Chega de saudade
(Enough missing her)

João Gilberto, Antonio Carlos Jobim

A realidade é que sem ela não há paz, não há beleza
(The reality is that without her there’s no peace, there’s no beauty)
É só tristeza e a melancolia
(It’s only sadness and melancholy)
Que não sai de mim, não sai de mim, não sai…
(That won’t leave me, won’t leave me, won’t leave…)
Mas se ela voltar, se ela voltar,
(But if she comes back, if she comes back)
Que coisa linda, que coisa louca
(What a beautiful thing, what a crazy thing)
Pois há menos peixinhos a nadar no mar
(For there are fewer fish swimming in the sea)
Do que os beijinhos que eu darei na sua boca
(Than the kisses I’ll give you in your mouth)
Dentro dos meus braços os abraços hão de ser milhões de abraços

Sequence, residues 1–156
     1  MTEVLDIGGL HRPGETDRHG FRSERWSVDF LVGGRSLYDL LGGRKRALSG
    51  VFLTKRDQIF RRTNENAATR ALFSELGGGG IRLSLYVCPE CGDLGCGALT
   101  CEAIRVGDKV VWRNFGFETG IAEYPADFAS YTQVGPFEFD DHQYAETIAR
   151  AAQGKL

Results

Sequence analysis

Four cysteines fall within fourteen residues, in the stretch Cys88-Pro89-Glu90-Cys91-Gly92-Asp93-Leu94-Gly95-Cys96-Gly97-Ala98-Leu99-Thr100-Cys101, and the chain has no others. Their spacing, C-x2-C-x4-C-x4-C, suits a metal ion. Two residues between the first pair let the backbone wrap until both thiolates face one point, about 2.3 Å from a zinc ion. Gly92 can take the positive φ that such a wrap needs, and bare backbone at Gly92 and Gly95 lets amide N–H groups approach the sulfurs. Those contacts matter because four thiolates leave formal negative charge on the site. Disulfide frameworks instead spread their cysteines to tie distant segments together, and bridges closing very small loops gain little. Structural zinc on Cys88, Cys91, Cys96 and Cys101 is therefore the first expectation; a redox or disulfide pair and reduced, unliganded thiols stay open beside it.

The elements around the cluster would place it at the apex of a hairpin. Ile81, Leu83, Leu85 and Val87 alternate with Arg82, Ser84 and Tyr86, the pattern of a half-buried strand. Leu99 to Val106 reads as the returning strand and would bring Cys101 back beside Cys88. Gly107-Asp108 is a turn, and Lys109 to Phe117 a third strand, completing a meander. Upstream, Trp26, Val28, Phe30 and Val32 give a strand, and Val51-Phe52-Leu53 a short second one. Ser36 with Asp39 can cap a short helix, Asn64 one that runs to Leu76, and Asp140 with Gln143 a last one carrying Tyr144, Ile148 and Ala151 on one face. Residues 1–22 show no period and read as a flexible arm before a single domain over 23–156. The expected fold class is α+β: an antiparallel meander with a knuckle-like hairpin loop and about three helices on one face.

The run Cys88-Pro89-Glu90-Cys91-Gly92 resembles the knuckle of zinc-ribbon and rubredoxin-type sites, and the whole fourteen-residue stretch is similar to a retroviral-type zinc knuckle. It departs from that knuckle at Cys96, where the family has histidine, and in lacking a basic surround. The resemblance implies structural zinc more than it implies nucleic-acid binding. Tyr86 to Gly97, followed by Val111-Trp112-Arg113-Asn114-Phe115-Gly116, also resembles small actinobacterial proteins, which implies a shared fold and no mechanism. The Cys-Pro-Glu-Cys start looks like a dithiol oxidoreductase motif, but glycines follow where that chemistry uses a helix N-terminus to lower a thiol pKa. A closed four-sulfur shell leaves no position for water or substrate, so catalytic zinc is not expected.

(Inside my arms, the hugs shall be millions of hugs)
Apertado assim, colado assim, calado assim
(Tight like this, united like this, silent like this)
Abraços e beijinhos e carinhos sem ter fim
(Infinite hugs and kisses and caressess)
Que é pra acabar com este negócio de você viver sem mim
(To end this “living-without-me” business)
Não quero mais esse negócio de você tão longe assim.
(Don’t want this “far-away” business)
Vamos deixar esse negócio de viver londe de mim.
(Let’s end this “living-away-from-me” business.)

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225: Brad Mehldau, ‘The Falcon Will Fly Again’/Luis Bonfa, ‘Manha de Carnaval’

Posted by jeff on Oct 9, 2015 in Brazilian, Jazz, Song Of the week

Brad Mehldau – ‘The Falcon Will Fly Again’ (2nd part)